“You mean some of the responsibility falls on MY shoulders?”

 By: Dr. Lisa D. Cahill, Ph.D., CCC-A

Regardless of whether a family member with hearing loss is using hearing aids, good communication strategies on all sides are absolutely essential to ease of hearing.  A common misconception is that the hearing aid functions as a prosthetic, when in reality; it is more of an assistive device, like a crutch.  Many family members of patients with hearing loss are surprised to find out they carry some of the responsibility to help alleviate the communication issues brought about by hearing loss. Once a hearing loss is identified, it is crucial for family members to be involved in the rehabilitative process, which includes communication training and education alongside the hearing aid fitting. The following guidelines can be learned with practice and awareness over time, and should be used in daily life regardless of a hearing loss, for more effective communication in general.

  • Face the hearing impaired person directly, on the same level and in good light whenever possible. Position yourself so that the light is shining on the speaker’s face, not in the eyes of the listener.
  • Do not talk from another room. Walls create a sound barrier and a visual obstruction. Not being able to see each other when talking is a common reason people have difficulty understanding what is said.
  • Speak clearly, slowly, distinctly, but naturally, without shouting or exaggerating mouth movements. Shouting distorts the sound of speech and may make speech reading more difficult. Pronouncing words clearly and distinguishing syllables is essential.
  • Get the person’s attention and wait for them to look at you before speaking. This gives the listener a chance to focus attention and reduces the chance of missing words at the beginning of the conversation.
  • Rephrase rather than repeat. Sometimes a particular combination of sounds is less audible than another choice of words.
  • Avoid talking too rapidly or using sentences that are too complex. Slow down a little, pause between sentences or phrases, and wait to make sure you have been understood before going on.
  • Keep your hands away from your face while talking. If you are eating, chewing, smoking, etc. while talking, your speech will be more difficult to understand. Beards and moustaches can also interfere with the ability of the hearing impaired to speech read.
  • Position yourself appropriately.  Be aware if the person has a better hearing ear.
  • Be aware of possible distortion of sounds for the hearing impaired person. They may hear your voice, but still may have difficulty understanding some words.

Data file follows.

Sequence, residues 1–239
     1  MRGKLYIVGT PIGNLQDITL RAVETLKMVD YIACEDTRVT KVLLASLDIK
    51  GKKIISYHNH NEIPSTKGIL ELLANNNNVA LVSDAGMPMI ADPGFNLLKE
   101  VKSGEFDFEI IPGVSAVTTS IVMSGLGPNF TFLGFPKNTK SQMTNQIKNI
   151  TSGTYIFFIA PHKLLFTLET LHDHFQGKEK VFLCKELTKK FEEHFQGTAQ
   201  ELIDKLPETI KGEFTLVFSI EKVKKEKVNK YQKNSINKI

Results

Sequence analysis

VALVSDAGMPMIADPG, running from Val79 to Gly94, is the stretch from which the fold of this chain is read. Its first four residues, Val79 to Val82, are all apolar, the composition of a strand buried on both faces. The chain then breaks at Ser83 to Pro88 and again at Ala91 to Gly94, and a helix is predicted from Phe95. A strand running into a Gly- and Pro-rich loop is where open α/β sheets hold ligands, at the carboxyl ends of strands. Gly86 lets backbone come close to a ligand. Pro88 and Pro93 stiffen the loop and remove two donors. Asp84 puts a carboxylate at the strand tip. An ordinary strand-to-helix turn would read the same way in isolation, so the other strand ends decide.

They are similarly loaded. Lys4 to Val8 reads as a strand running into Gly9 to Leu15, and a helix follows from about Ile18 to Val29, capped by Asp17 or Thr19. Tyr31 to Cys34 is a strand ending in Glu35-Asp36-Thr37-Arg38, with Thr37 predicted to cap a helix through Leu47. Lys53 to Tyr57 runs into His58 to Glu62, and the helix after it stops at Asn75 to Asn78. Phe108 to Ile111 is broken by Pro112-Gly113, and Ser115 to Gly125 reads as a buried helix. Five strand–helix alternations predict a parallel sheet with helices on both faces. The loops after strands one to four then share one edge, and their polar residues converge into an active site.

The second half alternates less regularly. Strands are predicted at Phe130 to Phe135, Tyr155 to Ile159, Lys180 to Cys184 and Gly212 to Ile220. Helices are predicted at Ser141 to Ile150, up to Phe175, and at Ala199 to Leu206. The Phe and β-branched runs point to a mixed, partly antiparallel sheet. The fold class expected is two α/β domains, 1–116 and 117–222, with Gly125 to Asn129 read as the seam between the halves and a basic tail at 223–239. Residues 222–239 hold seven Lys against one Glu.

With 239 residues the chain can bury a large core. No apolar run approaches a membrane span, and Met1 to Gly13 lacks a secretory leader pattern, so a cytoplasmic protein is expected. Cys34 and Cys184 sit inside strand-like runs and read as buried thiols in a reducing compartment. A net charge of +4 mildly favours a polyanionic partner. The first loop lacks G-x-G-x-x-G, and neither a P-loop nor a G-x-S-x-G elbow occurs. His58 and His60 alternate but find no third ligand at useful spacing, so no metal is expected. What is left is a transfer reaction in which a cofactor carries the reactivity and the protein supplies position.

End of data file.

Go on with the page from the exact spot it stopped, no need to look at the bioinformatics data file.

• Try to minimize extraneous noise when talking. Most hearing impaired people have greater difficulty understanding speech when there is background noise. In a restaurant you can request a seat in a corner booth, for example, away from the majority of the noise.
  • Avoid situations where there will be loud sounds when possible. Some people with hearing loss are very sensitive to loud sounds. This reduced tolerance for loud sounds is not uncommon.
  • Familiarize the listener with the general topic of the conversation. Avoid sudden changes of topic. If the subject is changed, tell the hearing impaired person what you are talking about now. In a group setting, repeat questions or key facts before continuing with the discussion.
  • If you are giving specific information — such as time, place or phone numbers — to someone who is hearing impaired, ask them to repeat the specifics back to you. Many numbers and words sound alike.
  • Provide pertinent information in writing whenever possible, such as directions, schedules, work assignments, etc.
  • Recognize that everyone, especially the hard-of-hearing, has a harder time hearing and understanding when ill or tired.
  • Pay attention to the listener. A puzzled look may indicate misunderstanding. Tactfully ask the hearing impaired person if they understood you, or ask leading questions so you know your message got across.
  • Take turns speaking and avoid interrupting other speakers.
  • Use visual media. Texting, and writing can facilitate conversation in noisy areas.
  • Enroll in aural rehabilitation classes with your hearing impaired spouse or friend.

For the person with hearing impairment, do not hesitate to politely explain to others what your communication needs are! Some acquaintances may forget about your hearing loss or get excited about the conversation and fall back into their normal speaking pattern.  If you need something repeated, try repeating back what you think they said, or at least the portion that you heard, so they don’t have to repeat the entire sentence.  Maintain a positive attitude to avoid hurt feelings!

Hearing aids alone, while helpful, still may not allow a person with hearing loss to communicate successfully in all listening situations. As a family member or friend of a person with hearing loss, you can help improve communication by following these simple suggestions.  Communication always involves at least two individuals: a talker who sends the message and a listener who receives the message. Teamwork between family members is essential to accommodating the needs of the loved one with hearing loss.